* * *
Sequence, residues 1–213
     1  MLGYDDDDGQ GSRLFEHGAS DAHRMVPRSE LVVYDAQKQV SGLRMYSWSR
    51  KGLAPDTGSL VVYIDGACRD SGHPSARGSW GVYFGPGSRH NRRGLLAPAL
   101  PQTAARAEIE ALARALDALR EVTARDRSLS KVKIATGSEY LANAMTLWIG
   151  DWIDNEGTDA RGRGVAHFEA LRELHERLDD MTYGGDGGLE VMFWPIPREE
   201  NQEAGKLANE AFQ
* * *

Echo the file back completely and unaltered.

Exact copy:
Sequence, residues 1–213
     1  MLGYDDDDGQ GSRLFEHGAS DAHRMVPRSE LVVYDAQKQV SGLRMYSWSR
    51  KGLAPDTGSL VVYIDGACRD SGHPSARGSW GVYFGPGSRH NRRGLLAPAL
   101  PQTAARAEIE ALARALDALR EVTARDRSLS KVKIATGSEY LANAMTLWIG
   151  DWIDNEGTDA RGRGVAHFEA LRELHERLDD MTYGGDGGLE VMFWPIPREE
   201  NQEAGKLANE AFQ